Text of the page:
The History of English: An Introduction

The History of English: An Introduction

by Stephan Gramley
     
 

The History of English: An Introduction provides a chronological analysis of the linguistic, social, and cultural development of the English language from before its establishment in Britain around the year 450 to the present. Each chapter represents a new stage in the development of the language from Old English through Middle English to Modern Global

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Overview

The History of English: An Introduction provides a chronological analysis of the linguistic, social, and cultural development of the English language from before its establishment in Britain around the year 450 to the present. Each chapter represents a new stage in the development of the language from Old English through Middle English to Modern Global English, all illustrated with a rich and diverse selection of primary texts showing changes in language resulting from contact, conquest and domination, and the expansion of English around the world.

The History of English goes beyond the usual focus on English in the UK and the USA to include the wider global course of the language during and following the Early Modern English period. This perspective therefore also includes a historical review of English in its pidgin and creole varieties and as a native and/or second language in the Caribbean, Africa, Asia, and Australasia.

Designed to be user-friendly, The History of English contains:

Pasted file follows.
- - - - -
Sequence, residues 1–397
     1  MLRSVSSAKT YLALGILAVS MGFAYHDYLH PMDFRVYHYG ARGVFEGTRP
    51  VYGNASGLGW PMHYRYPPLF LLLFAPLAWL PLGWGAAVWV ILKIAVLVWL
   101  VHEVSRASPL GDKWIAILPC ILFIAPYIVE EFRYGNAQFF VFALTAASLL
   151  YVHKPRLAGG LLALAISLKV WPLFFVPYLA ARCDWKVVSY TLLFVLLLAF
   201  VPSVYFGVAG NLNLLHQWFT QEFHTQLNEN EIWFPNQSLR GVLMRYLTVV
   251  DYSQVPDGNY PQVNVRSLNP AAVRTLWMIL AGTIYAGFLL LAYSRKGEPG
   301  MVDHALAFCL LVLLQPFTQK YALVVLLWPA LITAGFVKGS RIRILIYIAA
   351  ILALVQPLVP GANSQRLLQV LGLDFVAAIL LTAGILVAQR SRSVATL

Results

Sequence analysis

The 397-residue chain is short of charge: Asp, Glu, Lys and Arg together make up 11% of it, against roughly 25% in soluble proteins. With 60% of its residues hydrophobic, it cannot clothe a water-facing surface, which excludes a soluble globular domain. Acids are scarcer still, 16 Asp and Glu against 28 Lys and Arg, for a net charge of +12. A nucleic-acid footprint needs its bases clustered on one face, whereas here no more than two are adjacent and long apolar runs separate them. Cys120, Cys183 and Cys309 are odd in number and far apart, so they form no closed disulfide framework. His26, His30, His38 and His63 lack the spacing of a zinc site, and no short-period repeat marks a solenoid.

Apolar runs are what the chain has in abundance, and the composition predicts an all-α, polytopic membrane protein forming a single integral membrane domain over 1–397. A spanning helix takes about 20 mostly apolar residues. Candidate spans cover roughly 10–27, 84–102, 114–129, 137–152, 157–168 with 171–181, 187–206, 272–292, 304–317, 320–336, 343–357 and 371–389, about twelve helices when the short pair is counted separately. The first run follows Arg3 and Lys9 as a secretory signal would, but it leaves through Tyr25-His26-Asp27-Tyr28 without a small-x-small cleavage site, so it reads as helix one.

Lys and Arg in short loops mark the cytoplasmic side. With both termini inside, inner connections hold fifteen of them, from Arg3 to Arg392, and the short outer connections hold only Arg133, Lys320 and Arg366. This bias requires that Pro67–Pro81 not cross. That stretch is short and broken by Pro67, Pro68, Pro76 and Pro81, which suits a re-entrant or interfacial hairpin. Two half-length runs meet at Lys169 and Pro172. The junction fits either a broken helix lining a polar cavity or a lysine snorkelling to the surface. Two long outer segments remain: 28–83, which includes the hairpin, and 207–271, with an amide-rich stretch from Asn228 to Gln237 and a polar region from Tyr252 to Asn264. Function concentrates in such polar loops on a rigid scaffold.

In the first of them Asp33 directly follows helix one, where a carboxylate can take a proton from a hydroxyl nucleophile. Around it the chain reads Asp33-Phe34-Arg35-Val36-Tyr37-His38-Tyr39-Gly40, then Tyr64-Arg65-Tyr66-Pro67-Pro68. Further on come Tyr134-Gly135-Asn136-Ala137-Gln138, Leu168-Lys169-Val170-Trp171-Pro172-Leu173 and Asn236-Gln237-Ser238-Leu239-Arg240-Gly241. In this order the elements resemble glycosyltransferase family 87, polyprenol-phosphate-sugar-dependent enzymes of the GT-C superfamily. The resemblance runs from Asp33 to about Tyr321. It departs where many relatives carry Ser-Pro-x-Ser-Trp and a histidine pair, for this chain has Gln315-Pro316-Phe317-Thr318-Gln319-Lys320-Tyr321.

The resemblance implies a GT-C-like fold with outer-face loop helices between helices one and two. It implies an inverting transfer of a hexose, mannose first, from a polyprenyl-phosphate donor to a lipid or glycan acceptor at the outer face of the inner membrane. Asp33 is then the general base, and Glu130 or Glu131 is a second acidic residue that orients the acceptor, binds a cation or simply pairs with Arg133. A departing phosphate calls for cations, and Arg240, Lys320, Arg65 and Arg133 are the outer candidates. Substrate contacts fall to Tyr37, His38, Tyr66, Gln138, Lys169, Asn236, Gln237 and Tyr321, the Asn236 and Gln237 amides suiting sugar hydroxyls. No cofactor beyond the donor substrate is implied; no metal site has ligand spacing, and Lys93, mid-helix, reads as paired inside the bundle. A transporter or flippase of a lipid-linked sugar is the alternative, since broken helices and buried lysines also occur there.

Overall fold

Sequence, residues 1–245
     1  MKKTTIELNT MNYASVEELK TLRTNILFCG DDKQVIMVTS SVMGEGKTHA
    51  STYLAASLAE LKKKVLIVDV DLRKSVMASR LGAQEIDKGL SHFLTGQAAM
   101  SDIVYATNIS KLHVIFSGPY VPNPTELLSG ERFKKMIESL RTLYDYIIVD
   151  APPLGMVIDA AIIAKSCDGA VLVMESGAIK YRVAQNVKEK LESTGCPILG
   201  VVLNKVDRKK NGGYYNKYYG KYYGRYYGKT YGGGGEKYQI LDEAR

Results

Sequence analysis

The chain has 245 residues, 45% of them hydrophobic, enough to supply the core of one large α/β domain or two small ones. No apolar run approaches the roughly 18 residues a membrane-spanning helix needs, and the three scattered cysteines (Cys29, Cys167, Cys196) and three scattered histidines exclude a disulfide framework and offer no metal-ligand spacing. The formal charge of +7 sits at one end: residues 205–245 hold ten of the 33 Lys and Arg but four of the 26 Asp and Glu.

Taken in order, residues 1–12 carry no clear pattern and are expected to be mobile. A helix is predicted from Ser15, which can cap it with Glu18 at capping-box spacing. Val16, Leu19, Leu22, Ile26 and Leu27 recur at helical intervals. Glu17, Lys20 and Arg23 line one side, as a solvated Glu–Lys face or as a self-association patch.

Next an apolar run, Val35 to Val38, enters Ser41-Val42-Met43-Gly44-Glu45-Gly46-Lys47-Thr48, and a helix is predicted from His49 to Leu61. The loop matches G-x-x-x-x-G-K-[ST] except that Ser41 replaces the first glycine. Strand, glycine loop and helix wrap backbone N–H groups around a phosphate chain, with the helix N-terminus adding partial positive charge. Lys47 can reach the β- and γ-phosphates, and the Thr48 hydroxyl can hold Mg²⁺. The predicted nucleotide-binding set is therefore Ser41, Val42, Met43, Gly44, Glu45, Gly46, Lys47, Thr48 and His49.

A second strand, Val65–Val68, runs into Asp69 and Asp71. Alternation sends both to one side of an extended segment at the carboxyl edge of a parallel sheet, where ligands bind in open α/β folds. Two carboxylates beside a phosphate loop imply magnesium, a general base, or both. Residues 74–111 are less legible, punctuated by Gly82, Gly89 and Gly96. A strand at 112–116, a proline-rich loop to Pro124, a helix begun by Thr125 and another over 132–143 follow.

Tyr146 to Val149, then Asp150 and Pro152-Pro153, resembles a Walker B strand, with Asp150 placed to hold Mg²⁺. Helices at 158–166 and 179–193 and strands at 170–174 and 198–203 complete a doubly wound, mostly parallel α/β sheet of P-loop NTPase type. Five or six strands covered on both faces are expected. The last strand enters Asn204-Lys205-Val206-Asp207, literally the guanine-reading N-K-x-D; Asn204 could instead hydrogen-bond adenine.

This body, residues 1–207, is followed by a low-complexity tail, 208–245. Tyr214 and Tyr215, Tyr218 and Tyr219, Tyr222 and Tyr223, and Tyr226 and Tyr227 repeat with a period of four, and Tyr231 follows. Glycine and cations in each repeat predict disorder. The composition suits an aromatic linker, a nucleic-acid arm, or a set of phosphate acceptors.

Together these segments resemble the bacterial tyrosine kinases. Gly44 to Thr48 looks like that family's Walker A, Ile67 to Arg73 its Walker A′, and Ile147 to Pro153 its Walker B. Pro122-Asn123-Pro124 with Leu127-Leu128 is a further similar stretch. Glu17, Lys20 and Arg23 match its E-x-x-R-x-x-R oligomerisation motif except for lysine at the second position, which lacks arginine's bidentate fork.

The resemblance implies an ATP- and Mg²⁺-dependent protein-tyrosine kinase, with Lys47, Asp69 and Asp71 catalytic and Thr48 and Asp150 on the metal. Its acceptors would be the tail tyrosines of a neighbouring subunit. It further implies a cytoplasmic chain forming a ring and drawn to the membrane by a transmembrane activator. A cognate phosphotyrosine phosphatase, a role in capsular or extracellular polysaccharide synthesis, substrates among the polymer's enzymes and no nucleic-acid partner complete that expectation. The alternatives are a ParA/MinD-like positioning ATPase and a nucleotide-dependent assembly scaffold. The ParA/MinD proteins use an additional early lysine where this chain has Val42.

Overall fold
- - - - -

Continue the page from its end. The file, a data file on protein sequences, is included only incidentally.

• chapter introductions and conclusions to assist study
  • over 80 textual examples demonstrating linguistic change, accompanied by translations and/or glosses where appropriate
  • study questions on the social, cultural and linguistic background of the chapter topics
  • further reading from key texts to extend or deepen the focus
  • nearly 100 supporting figures, tables, and maps to illuminate the text
  • 16-pages of colour plates depicting exemplary texts, relevant artefacts, and examples of language usage, including Germanic runes, the opening page of Beowulf, the New England Primer, and the Treaty of Waitangi.

The companion website at www.routledge.com/cw/gramley supports the textbook and features:

  • an extended view of major aspects of language development as well as synopses of material dealt with in a range of chapters in the book
  • further sample texts, including examples from Chaucer, numerous Early Modern English texts from a wide variety of fields, and twenty-first-century novels
  • additional exercises to help users expand their insights and apply background knowledge
  • an interactive timeline of important historical events and developments with linked encyclopaedic entries
  • audio clips providing examples of a wide range of accents

The History of English is essential reading for any student of the English language.

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Product Details

ISBN-13:
9780415566391
Publisher:
Taylor & Francis
Publication date:
02/16/2012
Pages:
448
Product dimensions:
0.75(w) x 0.97(h) x 2.70(d)

Table of Contents

List of illustrations
List of texts
Preface
Acknowledgments

Chapter 1: The origins of English (before 450)
Chapter overview
1.1. The origins of human language
1.2. Language change
1.3. Changes in Germanic before the invasions of Britain
1.4. The world of the Germanic peoples
1.5. The Germanic migrations
1.6. Summary.
Study questions.
Further reading

Chapter 2: Old English: early Germanic Britain (450–700)
Chapter overview
2.1. The first peoples
2.2. The Germanic incursions
2.3. Introduction to Old English
2.4. The Christianization of England